A Lingering Stain

Critics will defend the integrity of the modern Bible versions by declaring that Westcott & Hort’s 1881 Greek New Testament translation was largely abandoned by the scholars of the 20th century. Now, as is so often the case, the truth is quite a bit different…

You see, in spite of the cries of modern version advocates, what we find instead is a great number of similarities between the modern New Testament translations and the 1881 Westcott-Hort Greek New Testament translation. For instance, consider how their work stands in comparison to the official United Bible Societies Greek New Testament:

  • Both either delete or question a comparable number of verses (45 to 48, respectively)
  • Both remove a comparable number of important verse sections (185 to 193, respectively)
  • Both delete a comparable number of names and titles for the Lord (212 to 221, respectively)

The name behind the work may be different, and the old players replaced by a younger generation, but make no mistake, Westcott and Hort’s contribution and the methods they utilized to spawn it are alive and well! A quick dip into the words of several influential researchers does nothing but reinforce this reality.

One such figure is Bruce Metzger. A highly influential author and researcher in the field, and one of the editors of the United Bible Societies Greek New Testament, Metzger admitted, “The International committee that produced the United Bible Societies’ Greek New Testament, not only adopted the Westcott and Hort edition as it’s basic text, but followed their methodology in giving attention to both external and internal consideration.”¹ 

Bible scholar and seminary professor, Dr. Zane Hodges, in his own assessment of the situation, wrote:

Modern textual criticism is psychologically ‘addicted’ to Westcott and Hort. Westcott and Hort, in turn, were rationalists in their approach to the textual problem in the New Testament and employed techniques within which rationalism and every other kind of bias are free to operate. The result of it all is a methodological quagmire where objective controls on the conclusions of critics are nearly nonexistent. It goes without saying that no Bible-believing Christian who is willing to extend the implications of his faith to textual matters can have the slightest grounds for confidence in contemporary critical texts”²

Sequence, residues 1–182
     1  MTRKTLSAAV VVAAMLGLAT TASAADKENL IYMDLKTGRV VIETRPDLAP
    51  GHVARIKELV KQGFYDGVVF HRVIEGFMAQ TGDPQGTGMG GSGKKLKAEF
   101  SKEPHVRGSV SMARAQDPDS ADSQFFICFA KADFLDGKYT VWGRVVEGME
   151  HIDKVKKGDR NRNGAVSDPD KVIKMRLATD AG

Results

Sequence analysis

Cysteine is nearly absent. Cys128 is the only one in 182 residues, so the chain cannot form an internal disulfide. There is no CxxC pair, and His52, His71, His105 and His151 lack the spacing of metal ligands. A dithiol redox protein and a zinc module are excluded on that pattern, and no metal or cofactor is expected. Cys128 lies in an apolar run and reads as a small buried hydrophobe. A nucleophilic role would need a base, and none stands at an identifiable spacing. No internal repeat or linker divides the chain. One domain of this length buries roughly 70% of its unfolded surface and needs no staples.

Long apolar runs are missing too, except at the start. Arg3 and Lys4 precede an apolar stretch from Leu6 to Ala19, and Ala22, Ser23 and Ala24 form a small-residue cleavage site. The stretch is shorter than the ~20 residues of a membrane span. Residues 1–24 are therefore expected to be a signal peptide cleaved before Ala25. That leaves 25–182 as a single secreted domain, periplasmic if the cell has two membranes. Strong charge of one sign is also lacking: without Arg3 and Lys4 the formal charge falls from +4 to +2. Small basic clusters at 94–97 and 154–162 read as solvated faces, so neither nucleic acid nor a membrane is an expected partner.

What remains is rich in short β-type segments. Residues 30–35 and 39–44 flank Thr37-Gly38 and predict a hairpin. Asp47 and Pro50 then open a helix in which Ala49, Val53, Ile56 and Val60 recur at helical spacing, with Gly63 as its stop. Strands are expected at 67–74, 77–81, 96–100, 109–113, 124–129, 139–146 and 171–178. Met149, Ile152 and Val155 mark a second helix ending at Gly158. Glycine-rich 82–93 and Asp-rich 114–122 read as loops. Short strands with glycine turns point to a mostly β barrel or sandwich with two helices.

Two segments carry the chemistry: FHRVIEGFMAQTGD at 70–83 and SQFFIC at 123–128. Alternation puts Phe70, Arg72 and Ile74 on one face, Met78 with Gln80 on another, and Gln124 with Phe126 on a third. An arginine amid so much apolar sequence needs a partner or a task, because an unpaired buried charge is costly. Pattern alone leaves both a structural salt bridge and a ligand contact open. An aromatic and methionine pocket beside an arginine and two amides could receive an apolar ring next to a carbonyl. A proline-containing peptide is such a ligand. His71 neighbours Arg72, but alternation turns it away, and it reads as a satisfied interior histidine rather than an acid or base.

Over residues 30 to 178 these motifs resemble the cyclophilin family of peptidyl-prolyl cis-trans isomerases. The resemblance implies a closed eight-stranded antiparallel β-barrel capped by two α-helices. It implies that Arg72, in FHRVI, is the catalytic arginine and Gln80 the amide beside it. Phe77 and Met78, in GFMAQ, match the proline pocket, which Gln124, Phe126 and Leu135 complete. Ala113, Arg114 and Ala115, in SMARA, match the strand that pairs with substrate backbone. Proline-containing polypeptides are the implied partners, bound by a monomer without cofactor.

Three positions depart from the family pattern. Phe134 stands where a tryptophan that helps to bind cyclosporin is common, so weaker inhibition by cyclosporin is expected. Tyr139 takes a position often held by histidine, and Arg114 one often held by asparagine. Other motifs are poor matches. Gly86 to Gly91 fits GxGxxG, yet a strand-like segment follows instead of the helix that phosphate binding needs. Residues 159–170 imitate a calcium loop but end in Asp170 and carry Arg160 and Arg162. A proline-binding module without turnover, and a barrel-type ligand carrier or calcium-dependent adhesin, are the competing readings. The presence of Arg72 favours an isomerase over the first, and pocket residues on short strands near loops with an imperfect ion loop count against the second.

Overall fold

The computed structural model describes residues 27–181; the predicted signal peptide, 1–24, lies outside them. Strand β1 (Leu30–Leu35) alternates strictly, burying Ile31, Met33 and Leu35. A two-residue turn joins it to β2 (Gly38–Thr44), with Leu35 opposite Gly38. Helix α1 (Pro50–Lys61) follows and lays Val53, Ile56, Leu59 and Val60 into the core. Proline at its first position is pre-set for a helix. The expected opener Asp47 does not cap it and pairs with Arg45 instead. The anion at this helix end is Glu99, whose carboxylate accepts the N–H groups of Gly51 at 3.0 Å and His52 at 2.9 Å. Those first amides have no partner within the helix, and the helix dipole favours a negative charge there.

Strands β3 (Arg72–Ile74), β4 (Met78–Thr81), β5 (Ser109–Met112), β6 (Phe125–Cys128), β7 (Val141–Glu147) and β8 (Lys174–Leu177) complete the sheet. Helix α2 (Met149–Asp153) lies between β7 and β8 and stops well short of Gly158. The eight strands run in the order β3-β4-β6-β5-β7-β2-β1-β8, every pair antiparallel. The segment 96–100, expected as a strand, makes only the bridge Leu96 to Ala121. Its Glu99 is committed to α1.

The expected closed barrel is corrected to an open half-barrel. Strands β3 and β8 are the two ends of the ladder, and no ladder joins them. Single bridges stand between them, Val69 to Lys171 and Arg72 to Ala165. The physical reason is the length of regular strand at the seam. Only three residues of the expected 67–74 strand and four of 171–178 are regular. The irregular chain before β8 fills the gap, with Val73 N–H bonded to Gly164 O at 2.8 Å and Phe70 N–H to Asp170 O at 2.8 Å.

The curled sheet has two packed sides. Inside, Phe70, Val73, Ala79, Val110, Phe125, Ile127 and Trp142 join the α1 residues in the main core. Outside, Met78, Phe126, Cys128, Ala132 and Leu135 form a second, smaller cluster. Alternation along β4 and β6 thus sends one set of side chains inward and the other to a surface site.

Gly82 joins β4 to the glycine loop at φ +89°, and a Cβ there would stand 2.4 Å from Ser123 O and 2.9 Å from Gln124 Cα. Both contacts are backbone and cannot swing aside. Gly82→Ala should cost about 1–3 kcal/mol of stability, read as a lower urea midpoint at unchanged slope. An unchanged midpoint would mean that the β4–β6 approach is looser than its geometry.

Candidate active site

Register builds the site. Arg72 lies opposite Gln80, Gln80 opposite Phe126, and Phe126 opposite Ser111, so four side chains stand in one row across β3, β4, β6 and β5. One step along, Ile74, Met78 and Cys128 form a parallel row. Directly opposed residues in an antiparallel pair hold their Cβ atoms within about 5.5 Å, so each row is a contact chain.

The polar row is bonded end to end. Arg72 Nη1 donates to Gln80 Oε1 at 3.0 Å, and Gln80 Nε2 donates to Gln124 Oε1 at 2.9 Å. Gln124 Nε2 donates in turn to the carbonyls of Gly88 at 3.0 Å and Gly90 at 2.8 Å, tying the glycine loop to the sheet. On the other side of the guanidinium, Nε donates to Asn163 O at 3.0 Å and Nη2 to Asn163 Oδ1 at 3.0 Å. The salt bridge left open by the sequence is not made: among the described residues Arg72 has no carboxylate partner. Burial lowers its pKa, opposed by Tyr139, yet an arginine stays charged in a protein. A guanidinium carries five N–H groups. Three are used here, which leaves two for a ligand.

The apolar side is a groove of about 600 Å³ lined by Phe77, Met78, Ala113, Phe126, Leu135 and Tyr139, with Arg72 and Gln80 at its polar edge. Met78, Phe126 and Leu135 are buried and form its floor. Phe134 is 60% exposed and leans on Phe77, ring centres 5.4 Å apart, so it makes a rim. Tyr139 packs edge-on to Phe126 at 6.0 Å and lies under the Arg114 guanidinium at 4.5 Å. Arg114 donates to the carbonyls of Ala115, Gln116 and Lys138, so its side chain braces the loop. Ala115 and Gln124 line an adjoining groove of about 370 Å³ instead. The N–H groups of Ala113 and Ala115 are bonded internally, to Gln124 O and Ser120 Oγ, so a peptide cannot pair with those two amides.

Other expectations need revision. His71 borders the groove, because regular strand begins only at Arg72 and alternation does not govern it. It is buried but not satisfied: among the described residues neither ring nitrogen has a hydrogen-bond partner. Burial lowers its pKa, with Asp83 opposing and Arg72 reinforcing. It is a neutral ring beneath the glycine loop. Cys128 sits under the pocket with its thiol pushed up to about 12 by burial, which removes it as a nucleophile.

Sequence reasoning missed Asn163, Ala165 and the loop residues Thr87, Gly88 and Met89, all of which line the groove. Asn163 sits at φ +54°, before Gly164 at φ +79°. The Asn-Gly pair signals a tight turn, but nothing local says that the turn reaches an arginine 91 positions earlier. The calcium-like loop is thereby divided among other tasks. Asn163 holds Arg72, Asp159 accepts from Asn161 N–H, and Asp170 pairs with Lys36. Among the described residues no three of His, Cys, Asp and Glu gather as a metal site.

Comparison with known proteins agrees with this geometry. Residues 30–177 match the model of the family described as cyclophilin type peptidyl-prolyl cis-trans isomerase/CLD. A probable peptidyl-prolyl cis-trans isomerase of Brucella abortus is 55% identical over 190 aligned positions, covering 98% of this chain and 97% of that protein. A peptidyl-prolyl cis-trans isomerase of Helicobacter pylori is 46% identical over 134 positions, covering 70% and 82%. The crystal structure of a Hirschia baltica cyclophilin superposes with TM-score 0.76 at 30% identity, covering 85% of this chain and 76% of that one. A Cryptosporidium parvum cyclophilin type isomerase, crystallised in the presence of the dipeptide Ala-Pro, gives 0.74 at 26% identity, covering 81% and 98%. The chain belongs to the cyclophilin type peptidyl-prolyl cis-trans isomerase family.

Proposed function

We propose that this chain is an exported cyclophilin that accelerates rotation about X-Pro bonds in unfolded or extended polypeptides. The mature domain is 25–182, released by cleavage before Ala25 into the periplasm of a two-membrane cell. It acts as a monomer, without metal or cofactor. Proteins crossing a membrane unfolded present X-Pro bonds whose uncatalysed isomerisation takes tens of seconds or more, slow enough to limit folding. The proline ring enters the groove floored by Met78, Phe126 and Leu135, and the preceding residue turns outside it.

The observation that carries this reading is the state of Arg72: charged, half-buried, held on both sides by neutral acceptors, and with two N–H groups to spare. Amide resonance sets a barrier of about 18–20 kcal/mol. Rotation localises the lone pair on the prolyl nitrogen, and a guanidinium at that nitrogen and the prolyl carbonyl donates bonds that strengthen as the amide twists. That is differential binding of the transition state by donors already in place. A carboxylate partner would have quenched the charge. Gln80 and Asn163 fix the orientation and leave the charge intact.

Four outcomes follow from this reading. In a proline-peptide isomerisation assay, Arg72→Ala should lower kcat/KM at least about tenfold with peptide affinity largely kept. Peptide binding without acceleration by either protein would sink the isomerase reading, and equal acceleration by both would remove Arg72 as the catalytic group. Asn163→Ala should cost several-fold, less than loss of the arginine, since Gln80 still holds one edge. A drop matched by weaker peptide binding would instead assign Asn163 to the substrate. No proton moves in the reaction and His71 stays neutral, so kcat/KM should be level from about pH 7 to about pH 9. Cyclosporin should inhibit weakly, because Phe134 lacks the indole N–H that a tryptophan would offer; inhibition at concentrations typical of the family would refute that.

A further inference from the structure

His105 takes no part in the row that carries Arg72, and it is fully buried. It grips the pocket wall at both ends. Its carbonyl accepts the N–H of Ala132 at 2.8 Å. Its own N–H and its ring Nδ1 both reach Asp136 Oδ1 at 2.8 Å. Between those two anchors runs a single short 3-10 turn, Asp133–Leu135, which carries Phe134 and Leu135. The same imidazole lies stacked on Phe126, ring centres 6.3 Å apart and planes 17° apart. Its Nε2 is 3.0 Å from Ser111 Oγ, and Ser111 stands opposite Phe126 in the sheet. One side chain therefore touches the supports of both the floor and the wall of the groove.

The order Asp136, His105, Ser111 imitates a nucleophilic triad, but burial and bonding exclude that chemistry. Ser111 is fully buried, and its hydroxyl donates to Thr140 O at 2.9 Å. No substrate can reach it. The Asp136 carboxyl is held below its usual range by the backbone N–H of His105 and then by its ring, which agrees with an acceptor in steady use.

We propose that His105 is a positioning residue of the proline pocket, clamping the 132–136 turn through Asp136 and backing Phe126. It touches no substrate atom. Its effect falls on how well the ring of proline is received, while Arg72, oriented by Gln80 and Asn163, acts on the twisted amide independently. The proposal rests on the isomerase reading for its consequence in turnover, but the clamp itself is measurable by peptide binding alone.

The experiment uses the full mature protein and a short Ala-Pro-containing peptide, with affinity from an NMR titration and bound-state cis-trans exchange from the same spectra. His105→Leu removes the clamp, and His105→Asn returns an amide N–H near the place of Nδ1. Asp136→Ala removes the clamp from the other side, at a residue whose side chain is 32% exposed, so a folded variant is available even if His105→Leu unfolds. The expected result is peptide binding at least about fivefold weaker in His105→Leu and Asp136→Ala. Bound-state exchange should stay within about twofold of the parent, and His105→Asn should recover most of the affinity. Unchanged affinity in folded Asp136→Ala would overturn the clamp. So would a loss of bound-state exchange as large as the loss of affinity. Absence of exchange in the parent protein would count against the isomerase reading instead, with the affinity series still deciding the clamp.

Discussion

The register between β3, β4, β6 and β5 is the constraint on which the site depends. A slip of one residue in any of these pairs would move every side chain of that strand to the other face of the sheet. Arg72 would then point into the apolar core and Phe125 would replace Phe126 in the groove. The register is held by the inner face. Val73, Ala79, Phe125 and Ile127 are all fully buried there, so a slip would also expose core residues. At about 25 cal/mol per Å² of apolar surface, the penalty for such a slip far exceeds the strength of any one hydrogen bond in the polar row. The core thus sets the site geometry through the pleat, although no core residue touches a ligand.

We find a similar sentiment in the words of Ernest Cadman Colwell. This famous scholar, known for his many written contributions to the field, declared:

The dead hand of Fenton John Anthony Hort lies heavy upon us. In the early years of this century Kirsopp Lake described Hort’s work as a failure, though a glorious one. But Hort did not fail to reach his major goal. He dethroned the Textus Receptus. …Hort’s success in this task and the cogency of his tightly reasoned theory shaped—and still shapes—the thinking of those who approach the textual criticism of the NT through the English language”³ 

In the end, the whole matter boils down to the nature of Westcott & Hort’s techniques, the foundation of their methods, and the red scar they left on the modern field of manuscript evaluation. Proponents of Westcott and Hort’s work are free to deny the impact those two had on the discipline of textual criticism, yet prominent scholars have voiced otherwise. Is the Westcott & Hort translation problematic? Probably. Are their techniques doubtful? Certainly. Is there an obvious departure from the traditional renderings of the Scripture in the newer versions; differences that are born of the same foundations set in place by Westcott & Hort? Without a doubt.

In some way or another, we find that the list of modern versions are born either directly from the translation of those two men, or otherwise have been based on texts “refined” through the same lense as Westcott & Hort had once looked. What versions in particular? To name a few, there are:

  • American Standard Version (1900)
  • Ferrar Fenton Bible (1903)
  • The Revised Standard (1946-1952)
  • New World Translation (1961)
  • New American Standard (1963-1971)
  • New American Bible (1970)
  • New English Bible (1970)
  • The Living Bible (1971)
  • Good News Bible (1976)
  • New International Version (1978)
  • New Revised Standard (1989)
  • Revised English Bible (1989)
  • World English Bible (2000)
  • English Standard Version (2001)

037 - Modern -Refined- Bible Translations


  1. The Westcott and Hort Greek New Testament–Yesterday and Today, Metzger, cited by James Brooks, Bible Interpreters of the 20th Century, p. 264
  2. Zane C. Hodges, “Rationalism and Contemporary New Testament Textual Criticism,” Bibliotheca Sacra, January 1971, pp. 27-35
  3. Ernest Cadman Colwell, “Scribal Habits in Early Papyri: A Study in the Corruption of the Text,” The Bible in Modern Scholarship, ed. J.P. Hyatt, New York: Abingdon Press, 1965, p. 370

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